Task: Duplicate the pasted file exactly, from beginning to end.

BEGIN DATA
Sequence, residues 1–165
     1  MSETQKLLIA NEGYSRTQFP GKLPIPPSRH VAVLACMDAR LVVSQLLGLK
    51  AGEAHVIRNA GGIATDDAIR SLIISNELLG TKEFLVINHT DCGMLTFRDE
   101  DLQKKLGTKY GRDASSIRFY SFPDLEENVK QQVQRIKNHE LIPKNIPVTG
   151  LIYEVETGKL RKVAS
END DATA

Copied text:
Sequence, residues 1–165
     1  MSETQKLLIA NEGYSRTQFP GKLPIPPSRH VAVLACMDAR LVVSQLLGLK
    51  AGEAHVIRNA GGIATDDAIR SLIISNELLG TKEFLVINHT DCGMLTFRDE
   101  DLQKKLGTKY GRDASSIRFY SFPDLEENVK QQVQRIKNHE LIPKNIPVTG
   151  LIYEVETGKL RKVAS